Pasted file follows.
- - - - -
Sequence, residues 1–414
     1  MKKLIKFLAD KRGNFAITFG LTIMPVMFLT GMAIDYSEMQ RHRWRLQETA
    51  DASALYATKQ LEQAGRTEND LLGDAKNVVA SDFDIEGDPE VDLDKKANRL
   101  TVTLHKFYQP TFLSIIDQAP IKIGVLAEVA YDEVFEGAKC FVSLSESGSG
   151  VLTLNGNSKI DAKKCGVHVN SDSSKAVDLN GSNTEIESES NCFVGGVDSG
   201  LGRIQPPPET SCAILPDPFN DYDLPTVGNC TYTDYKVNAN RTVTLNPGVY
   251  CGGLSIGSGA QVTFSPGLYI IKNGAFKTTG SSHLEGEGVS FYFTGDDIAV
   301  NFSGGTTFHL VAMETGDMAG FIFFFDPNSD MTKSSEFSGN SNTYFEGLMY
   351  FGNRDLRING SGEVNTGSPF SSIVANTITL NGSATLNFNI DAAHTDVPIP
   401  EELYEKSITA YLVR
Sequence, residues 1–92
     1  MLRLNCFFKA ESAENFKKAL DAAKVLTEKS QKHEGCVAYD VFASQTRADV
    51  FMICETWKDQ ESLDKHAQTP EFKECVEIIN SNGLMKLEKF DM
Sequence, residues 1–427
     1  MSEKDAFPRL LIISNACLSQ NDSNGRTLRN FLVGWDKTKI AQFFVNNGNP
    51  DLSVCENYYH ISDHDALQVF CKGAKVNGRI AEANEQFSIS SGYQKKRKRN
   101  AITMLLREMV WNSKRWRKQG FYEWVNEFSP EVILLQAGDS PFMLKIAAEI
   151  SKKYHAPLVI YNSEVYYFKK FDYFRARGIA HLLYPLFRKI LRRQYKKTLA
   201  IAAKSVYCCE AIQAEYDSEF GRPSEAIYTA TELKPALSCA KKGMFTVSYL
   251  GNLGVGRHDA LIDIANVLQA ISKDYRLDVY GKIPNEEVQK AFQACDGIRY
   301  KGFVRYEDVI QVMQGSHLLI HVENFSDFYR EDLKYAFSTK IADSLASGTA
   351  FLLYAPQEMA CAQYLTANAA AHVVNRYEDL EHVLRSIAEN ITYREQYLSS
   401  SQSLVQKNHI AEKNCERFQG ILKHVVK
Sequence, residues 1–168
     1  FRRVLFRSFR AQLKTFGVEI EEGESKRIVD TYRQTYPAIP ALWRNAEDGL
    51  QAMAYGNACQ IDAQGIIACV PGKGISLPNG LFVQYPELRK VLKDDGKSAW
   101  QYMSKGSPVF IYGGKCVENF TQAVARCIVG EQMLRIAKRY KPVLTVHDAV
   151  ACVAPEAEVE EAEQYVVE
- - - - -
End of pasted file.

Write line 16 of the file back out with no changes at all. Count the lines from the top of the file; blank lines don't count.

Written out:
    51  DLSVCENYYH ISDHDALQVF CKGAKVNGRI AEANEQFSIS SGYQKKRKRN